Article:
To test their self-perception, feelings of self-worth, and beliefs about gender, I will interview the parents at the end of every year they are participating in the study. I will conduct interviews with the families, asking likert-scale questions to rate their children. The questions are inspired by three tests, all of which ask participants to self-rate their feelings to certain prompts regarding self-worth, gender, sexuality, and self-perception (Crocker et al., 2003; Hentschel, Heilman, & Peus, 2019; Gebhard et al., 2018). Since these tests used self-reporting to gather results, and the children involved in this study will be beginning at the age of three, they are not yet at the mental capacity to self-report complicated feelings. Therefore, we will ask the parents to report on behalf of their children until the age of seven. By the age of seven, the children will receive a simplified version of the self-reporting test, and will have a tester available to explain things if they need additional support during the interview. They will use a smiley-face version of the likert scale (Fig 1) to assist with their understanding of how to respond. Their parents will continue to report on behalf of the children as well, and the results will be collated for each participant.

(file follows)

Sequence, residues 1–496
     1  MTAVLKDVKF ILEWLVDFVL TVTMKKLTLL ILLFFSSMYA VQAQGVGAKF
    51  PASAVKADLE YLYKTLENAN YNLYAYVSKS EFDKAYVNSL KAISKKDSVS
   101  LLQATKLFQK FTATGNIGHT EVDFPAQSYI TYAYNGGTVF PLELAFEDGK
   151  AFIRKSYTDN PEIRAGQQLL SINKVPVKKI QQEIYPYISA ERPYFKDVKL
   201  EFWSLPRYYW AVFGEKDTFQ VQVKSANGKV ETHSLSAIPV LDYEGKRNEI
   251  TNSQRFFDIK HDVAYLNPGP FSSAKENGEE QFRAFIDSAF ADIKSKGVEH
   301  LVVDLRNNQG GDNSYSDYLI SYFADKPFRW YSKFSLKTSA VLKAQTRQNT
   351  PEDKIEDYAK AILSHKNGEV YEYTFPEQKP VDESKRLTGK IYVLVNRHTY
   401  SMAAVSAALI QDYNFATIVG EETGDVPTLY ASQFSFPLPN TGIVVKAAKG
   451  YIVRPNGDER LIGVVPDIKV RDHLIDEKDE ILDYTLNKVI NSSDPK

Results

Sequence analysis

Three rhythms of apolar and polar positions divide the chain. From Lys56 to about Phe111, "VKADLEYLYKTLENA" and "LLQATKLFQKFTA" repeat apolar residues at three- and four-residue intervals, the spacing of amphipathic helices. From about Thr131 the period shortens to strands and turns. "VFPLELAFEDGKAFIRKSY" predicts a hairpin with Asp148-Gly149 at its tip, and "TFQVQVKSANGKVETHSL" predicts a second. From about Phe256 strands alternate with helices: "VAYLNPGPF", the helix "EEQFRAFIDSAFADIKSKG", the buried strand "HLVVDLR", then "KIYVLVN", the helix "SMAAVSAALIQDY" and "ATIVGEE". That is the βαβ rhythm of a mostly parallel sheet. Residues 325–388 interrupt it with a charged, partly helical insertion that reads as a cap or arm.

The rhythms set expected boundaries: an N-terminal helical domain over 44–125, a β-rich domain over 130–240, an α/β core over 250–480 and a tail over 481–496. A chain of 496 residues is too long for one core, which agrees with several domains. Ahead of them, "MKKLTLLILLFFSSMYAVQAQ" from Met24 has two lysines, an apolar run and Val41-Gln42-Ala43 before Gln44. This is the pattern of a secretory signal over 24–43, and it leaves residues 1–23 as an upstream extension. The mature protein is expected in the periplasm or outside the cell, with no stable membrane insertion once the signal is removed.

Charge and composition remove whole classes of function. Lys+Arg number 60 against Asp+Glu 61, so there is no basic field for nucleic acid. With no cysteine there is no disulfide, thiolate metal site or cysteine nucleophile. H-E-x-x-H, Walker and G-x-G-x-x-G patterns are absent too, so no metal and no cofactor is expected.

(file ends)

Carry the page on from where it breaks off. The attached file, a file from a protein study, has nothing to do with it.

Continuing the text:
Similar to McCurdy (2022), results will be analyzed yearly against the previous data, as well as between-groups. Group A and group B will be analyzed against one another yearly, but the most important data groups will be the preliminary testing at the beginning of the first year, and the final test when all children are eleven years of age. These two groups of data will showcase the difference in self-perception before and after being placed in either group.